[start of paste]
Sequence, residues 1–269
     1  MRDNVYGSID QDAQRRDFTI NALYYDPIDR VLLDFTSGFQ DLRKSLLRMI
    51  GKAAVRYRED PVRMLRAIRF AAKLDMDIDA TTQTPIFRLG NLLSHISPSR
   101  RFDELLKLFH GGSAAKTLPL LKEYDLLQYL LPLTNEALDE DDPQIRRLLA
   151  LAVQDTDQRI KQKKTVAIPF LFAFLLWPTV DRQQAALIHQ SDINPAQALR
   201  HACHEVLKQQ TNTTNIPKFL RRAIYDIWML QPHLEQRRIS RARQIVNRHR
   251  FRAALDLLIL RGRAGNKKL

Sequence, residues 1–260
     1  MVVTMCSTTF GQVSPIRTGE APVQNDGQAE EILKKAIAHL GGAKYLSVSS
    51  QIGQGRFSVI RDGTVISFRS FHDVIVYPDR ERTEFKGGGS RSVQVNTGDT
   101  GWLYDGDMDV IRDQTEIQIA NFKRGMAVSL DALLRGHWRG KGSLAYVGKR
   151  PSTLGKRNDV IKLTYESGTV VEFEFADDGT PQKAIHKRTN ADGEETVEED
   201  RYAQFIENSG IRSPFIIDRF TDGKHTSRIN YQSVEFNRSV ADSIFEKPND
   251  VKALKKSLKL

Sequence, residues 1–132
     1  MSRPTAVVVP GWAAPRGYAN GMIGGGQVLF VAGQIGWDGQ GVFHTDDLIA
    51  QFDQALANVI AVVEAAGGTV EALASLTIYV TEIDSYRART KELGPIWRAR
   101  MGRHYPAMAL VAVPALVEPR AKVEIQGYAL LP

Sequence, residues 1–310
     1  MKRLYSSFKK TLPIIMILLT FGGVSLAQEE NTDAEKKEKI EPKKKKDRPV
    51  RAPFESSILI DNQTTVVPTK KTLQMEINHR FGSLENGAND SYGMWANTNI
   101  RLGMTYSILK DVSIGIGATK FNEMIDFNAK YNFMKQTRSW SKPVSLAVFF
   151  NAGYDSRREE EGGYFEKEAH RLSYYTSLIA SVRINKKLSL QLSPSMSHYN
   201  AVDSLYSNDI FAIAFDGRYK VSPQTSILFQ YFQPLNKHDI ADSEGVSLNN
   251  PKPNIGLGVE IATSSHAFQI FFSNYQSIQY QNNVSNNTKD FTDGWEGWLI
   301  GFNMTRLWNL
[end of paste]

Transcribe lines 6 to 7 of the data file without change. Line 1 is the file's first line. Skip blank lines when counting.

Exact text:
   201  HACHEVLKQQ TNTTNIPKFL RRAIYDIWML QPHLEQRRIS RARQIVNRHR
   251  FRAALDLLIL RGRAGNKKL